What is the approach of the Arab NGO Network to these big issues? And what is the approach of local associations?
The chronic instability in our region is due to lack of balanced powers. For the Arab NGO Network there is no development without peace. There is no space to spend aid [funds] in conflict. And at the heart of the problem is the situation in Palestine. When it is bad in Palestine, it is bad for the whole region. We need to change the current narrative centered on ‘the end of’ the other. We need democracy and fair trade.
The international community has recently approved two historic agreements: the Global Compact on Refugees and the Global Compact for Migration. Where do you see the greatest potential in each of these agreements? Where do you see the biggest risk?
These agreements are opportunities to launch a collective discussion on global issues with all actors. I was in Marrakech for the Migration Compact and it was important to create the space for that discussion. Yet discussions alone are not enough. At the moment I see three key issues: first, the danger of seeing a few countries reject the Migration Compact; second, no real will to link migration to development or pursue agreements on migrant workers; and third, weak accountability for the Compacts. It is voluntary and the monitoring of their commitments is unclear. Some countries do not see migration as a global issue and therefore do not want to engage at international level, even if migrants live like slaves within their boundaries.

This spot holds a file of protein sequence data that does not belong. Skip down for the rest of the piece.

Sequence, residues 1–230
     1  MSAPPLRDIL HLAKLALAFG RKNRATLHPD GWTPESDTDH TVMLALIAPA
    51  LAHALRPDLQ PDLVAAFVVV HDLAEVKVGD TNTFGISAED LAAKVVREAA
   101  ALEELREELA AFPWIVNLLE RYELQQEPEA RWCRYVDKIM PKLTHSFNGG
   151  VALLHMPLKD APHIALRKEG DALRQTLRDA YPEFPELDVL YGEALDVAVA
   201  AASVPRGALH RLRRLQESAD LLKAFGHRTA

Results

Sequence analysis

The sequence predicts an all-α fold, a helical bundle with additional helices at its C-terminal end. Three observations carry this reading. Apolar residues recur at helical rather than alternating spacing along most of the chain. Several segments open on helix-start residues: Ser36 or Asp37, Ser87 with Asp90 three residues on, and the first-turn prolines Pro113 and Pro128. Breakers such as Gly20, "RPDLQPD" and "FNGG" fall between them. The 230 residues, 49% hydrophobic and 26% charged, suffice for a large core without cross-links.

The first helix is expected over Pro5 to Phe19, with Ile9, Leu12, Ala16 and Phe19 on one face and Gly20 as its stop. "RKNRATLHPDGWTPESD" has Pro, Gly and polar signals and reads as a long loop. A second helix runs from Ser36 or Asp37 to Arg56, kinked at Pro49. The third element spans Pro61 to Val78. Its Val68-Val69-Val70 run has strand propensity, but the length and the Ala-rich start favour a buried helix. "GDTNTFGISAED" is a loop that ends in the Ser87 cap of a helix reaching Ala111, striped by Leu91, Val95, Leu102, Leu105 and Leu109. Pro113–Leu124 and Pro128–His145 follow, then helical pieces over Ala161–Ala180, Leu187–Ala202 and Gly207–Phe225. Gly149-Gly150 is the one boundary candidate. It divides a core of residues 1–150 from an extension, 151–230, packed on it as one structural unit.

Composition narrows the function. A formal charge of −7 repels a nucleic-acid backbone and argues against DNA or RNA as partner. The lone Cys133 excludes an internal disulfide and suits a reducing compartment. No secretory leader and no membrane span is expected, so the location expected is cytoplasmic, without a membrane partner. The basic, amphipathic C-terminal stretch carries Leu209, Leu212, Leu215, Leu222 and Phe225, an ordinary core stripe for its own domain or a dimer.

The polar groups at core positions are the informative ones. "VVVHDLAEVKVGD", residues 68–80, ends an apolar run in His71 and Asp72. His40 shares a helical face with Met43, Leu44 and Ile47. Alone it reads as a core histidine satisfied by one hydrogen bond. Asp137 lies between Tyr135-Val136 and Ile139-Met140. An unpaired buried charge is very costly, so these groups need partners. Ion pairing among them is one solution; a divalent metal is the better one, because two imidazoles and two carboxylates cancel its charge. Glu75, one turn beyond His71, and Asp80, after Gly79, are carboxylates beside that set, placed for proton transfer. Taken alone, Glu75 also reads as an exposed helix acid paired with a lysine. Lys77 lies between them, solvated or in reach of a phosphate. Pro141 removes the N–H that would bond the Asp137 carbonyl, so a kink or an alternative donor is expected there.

Is there anything else you would like to say to policy-makers working on refugee and migrant issues?
Recently the foundation I work for, Friedrich Ebert, has launched a programme called PROMIG to support the creation of a regional trade union network focusing on migrant workers in North and Sub-Saharan Africa. We hope to engage other policy-makers from our region and beyond in a constructive dialogue.
Photo credit: Anas El Hasnaoui